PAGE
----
In Honduras, there were three dead and three missing, according to Oscar Triminio, spokesman for the country’s firefighters.

Damage caused by the storm prompted Costa Rican officials to postpone a World Cup qualifying soccer match between that country and Honduras, which had been scheduled for Friday night.

In Louisiana, Gov. John Bel Edwards declared a state of emergency and mobilized 1,300 National Guard troops, with 15 headed to New Orleans to monitor the fragile pumping system there.

With forecasts projecting landfall in southeast Louisiana as a Category 1 hurricane, Edwards urged residents to ready for rainfall, storm surge and severe winds — and to be where they intend to hunker down by “dark on Saturday.”

Louisiana’s governor said Nate is forecast to move quickly, rather than stall and drop tremendous amounts of rain on the state. State officials hope that means New Orleans won’t run into problems with its pumps being able to handle the water.

Edwards warned, however, against underestimating the storm.

The National Hurricane Center issued a hurricane warning from Grand Isle, Louisiana to the Alabama-Florida border.

Officials ordered the evacuation of part of coastal St. Bernard Parish east of New Orleans ahead of the storm. Earlier Thursday, a voluntary evacuation was called in the barrier island town of Grand Isle south of New Orleans.

New Orleans officials outlined steps to bolster the city’s pump and drainage system. Weaknesses in that system were revealed during summer flash floods.

The Bureau of Safety and Environmental Enforcement’s New Orleans office said in a news release that as of midday Thursday, six production platforms, out of the 737 manned platforms in the Gulf, had been evacuated. No drilling rigs were evacuated, but one movable rig was taken out of the storm’s path.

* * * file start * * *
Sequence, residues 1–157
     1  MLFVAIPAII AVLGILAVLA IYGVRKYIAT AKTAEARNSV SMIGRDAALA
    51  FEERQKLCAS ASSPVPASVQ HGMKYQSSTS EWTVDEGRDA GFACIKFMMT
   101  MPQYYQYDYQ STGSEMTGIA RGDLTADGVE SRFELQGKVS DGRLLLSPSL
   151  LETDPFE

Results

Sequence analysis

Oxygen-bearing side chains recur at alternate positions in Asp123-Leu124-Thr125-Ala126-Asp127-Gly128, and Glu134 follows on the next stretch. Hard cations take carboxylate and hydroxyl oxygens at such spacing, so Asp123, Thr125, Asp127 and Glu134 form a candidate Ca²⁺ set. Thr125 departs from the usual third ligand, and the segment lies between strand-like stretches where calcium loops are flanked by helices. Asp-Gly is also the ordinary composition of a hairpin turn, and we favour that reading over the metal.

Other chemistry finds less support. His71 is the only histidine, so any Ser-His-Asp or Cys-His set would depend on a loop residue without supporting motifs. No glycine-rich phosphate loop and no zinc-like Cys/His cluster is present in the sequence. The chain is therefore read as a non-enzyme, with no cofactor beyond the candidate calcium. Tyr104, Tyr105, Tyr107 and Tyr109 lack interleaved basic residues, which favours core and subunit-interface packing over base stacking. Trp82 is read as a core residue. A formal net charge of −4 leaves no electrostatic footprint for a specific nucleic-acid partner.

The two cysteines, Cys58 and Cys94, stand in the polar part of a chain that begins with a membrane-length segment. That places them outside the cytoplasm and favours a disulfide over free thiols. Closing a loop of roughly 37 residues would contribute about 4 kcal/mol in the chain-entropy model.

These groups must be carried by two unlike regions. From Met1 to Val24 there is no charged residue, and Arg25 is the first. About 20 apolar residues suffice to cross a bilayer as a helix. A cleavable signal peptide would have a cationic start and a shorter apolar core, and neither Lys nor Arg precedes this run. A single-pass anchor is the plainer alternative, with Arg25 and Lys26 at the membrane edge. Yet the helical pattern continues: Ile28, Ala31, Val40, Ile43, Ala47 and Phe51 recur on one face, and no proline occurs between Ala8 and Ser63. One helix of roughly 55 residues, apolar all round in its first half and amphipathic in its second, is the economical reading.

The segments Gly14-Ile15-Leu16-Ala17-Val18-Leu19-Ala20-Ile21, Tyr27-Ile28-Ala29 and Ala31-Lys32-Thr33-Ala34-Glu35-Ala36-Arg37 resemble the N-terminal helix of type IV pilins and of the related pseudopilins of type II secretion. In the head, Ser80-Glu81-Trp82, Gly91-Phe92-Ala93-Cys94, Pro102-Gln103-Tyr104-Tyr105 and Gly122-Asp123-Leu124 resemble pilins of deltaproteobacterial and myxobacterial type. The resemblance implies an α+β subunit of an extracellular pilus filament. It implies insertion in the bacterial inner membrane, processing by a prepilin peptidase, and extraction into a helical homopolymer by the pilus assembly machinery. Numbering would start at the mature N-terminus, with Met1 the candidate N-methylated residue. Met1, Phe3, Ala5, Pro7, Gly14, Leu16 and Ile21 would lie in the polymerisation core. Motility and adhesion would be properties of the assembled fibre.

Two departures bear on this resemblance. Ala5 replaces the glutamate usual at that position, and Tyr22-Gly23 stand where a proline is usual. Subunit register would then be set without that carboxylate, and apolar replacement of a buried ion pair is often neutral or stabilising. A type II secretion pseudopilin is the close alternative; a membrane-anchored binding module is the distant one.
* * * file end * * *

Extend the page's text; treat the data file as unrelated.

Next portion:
The agency estimated less than 15 per cent of the current oil production in the Gulf of Mexico has been shut-in, which equates to 254,607 barrels of oil per day.

Associated Press, The Associated Press

Like us on Facebook and follow us on Twitter.

Get local stories you won't find anywhere else right to your inbox.
Sign up here

Just Posted

Michael Demers, performing here as a member of The Lonely, died May 1 after a year-long battle with leukemia. (Photo by Benji Duke)
Victoria music community mourning Michael Demers

Veteran singer-songwriter, co-founder of The Lonely dies at 63 due to leukemia

The Royal B.C. Museum has added a tamba dining set, used by a Punjabi man on his voyage to Canada in 1927, to its ‘100 Objects of Interest’ online collection. (Courtesy of Royal B.C. Museum)
Punjabi dining set added to Royal B.C. Museum’s ‘100 Objects of Interest’ collection

Set used by Indar Singh Gill on his voyage from Punjab to Canada in 1927

Victoria-born musician Bryce Dane Soderberg took to Instagram Monday to call out the Greater Victoria School District on its proposed cuts to elementary and middle school music programs. (Bryce Dane Soderberg/Instagram)